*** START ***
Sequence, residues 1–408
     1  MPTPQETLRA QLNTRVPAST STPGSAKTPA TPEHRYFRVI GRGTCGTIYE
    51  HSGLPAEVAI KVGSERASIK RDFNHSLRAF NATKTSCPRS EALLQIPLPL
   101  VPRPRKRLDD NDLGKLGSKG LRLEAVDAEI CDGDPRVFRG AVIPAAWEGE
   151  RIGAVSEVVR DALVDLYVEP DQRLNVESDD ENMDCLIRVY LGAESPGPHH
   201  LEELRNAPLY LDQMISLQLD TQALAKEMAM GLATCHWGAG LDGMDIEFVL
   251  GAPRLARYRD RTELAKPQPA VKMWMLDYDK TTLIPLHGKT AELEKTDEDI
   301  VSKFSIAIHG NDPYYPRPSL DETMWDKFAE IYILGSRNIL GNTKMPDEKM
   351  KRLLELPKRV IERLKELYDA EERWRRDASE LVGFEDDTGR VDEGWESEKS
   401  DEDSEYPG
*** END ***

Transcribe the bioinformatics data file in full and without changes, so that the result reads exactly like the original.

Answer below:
Sequence, residues 1–408
     1  MPTPQETLRA QLNTRVPAST STPGSAKTPA TPEHRYFRVI GRGTCGTIYE
    51  HSGLPAEVAI KVGSERASIK RDFNHSLRAF NATKTSCPRS EALLQIPLPL
   101  VPRPRKRLDD NDLGKLGSKG LRLEAVDAEI CDGDPRVFRG AVIPAAWEGE
   151  RIGAVSEVVR DALVDLYVEP DQRLNVESDD ENMDCLIRVY LGAESPGPHH
   201  LEELRNAPLY LDQMISLQLD TQALAKEMAM GLATCHWGAG LDGMDIEFVL
   251  GAPRLARYRD RTELAKPQPA VKMWMLDYDK TTLIPLHGKT AELEKTDEDI
   301  VSKFSIAIHG NDPYYPRPSL DETMWDKFAE IYILGSRNIL GNTKMPDEKM
   351  KRLLELPKRV IERLKELYDA EERWRRDASE LVGFEDDTGR VDEGWESEKS
   401  DEDSEYPG